Submitted by shelley on Thu, 07/07/2016 - 11:38

“I’m sorry. I wish I could give you a raise, but our budget is frozen until the end of the year.” Sound familiar? This is a typical canned response many receive when asking for a raise.

It’s a good idea to have a strategy in place when asking for a raise at work, or when negotiating salary with a potential employer. Keep in mind, your financial salary only represents part of your overall compensation. Employers may not be willing to make adjustments in base pay, but you may be able to negotiate other benefits to make up the difference. Possible strategies to consider include:

Know the Market - Research salaries for your position and responsibilities with other employers in your area. This will give you a general idea of whether your salary is reasonable.

Healthcare Insurance – If you’re already covered by your spouse’s healthcare insurance, consider asking for a higher salary in lieu of the medical insurance benefit.

Retirement Plan or Pension – Seek out an employer who will match your 401(k) contributions.

6-Month Performance Review –Consider negotiating a semi-annual review schedule. Assuming your semi-annual raise would be half your annual raise, you would come out ahead in the long run. Also, getting a raise twice a year may feel more rewarding, and could increase your enthusiasm and productivity in the workplace.

Flexible Schedule –If flexibility in your wok schedule is important to you, ask about coming in and leaving early in order to meet family obligations. Or, consider requesting a schedule of 4 ten-hour days, or perhaps you can telecommute one or more days per week.

Paid Time Off - Negotiating additional vacation time can help narrow the pay gap if you consider your salary to be on the low side.

Transportation Reimbursement –Calculate your monthly commuting expenses (fuel, tolls and parking). Perhaps you can arrange for a stipend to help ease this expense.

Overnight Accommodations – From time to time you may find yourself putting in 14 hour days and/or late nights at the office, Maybe you can get your boss to pick up the tab if you stay overnight at a hotel.

Daycare Reimbursement – Childcare costs can be a killer to your paycheck. Is there an onsite child center or perhaps an allotted daycare stipend for workers with young children?

Tuition Reimbursement – From workshops to seminars, conferences, classes to even paying for your Master’s degree, you can ask your employer to help continue your education and foot the bill. Many companies view this as a direct investment back into the company and are willing to contribute in this area.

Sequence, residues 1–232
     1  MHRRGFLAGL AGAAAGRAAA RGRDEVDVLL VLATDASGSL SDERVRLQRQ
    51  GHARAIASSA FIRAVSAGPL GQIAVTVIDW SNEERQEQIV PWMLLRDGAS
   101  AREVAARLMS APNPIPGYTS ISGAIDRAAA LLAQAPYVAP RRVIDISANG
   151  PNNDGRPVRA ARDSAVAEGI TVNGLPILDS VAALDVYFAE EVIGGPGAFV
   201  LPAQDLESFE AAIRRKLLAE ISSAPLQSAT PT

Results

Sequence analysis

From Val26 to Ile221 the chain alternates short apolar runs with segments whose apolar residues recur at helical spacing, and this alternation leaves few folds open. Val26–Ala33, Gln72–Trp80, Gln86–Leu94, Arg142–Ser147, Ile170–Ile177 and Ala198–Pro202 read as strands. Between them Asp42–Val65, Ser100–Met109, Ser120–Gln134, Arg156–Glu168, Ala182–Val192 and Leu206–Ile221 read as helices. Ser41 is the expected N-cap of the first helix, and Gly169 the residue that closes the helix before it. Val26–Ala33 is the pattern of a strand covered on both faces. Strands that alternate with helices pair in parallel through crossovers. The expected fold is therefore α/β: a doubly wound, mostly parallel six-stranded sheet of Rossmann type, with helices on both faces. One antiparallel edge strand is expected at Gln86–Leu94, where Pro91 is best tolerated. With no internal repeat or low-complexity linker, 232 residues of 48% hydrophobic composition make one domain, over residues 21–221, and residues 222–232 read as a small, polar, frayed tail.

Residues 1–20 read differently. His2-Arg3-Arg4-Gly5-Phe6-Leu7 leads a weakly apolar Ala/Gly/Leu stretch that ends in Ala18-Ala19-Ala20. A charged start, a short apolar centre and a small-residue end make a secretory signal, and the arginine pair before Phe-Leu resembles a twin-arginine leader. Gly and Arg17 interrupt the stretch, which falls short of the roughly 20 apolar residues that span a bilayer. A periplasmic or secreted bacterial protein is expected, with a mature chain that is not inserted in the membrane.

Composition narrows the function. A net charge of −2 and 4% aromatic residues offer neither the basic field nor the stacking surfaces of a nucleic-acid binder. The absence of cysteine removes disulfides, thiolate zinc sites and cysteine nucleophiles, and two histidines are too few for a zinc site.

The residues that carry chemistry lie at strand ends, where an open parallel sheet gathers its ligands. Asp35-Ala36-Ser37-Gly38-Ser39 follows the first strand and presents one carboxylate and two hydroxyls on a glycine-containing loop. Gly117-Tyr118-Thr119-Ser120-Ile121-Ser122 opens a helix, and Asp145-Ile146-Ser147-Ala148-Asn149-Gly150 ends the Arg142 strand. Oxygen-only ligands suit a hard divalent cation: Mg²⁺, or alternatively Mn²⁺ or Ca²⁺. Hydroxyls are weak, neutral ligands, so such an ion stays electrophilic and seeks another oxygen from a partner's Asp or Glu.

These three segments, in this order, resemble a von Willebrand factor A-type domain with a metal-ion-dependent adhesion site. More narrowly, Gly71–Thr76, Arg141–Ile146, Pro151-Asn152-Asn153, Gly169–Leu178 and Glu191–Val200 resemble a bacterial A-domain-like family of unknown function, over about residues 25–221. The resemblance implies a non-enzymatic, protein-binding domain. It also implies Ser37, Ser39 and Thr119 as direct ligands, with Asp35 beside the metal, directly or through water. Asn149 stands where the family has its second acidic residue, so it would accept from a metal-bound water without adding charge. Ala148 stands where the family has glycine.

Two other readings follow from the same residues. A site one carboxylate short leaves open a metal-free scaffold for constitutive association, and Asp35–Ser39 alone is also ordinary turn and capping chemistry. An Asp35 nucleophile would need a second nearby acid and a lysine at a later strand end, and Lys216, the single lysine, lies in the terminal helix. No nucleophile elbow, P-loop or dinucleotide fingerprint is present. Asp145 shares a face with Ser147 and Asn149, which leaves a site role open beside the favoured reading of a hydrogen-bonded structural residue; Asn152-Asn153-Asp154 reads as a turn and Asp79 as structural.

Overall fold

A Wardrobe Allowance – Consider petitioning for a clothing stipend to be built into your agreement – especially if you’re in the position of meeting with lots of high-end or influential clients. After all, your employer will want you to look your best since you will be representing them.

By Wendy Ann Payne

Founding Partner & Wealth Management Advisor

Centurion Wealth Management

www.centurionwealth.com

[email protected]

(571) 765-1890

Disclosures:

This content is for educational purposes only.

Investment Advisor Representative of Spire Wealth Management, LLC. Advisory Services offered through Spire Wealth Management, LLC, a Federally Registered Investment Advisor. Securities offered through an affiliate, Spire Securities, LLC, Member FINRA/SIPC.

The views and opinions expressed in this article/presentation are those of the authors and do not necessarily reflect the opinions of Spire Wealth Management LLC, Spire Securities LLC or its affiliates. Past performance may not be indicative of future results.

These materials are provided for general information and educational purposes based upon publicly available information from sources believed to be reliable—we cannot assure the accuracy or completeness of these materials. The information in these materials may change at any time and without notice.

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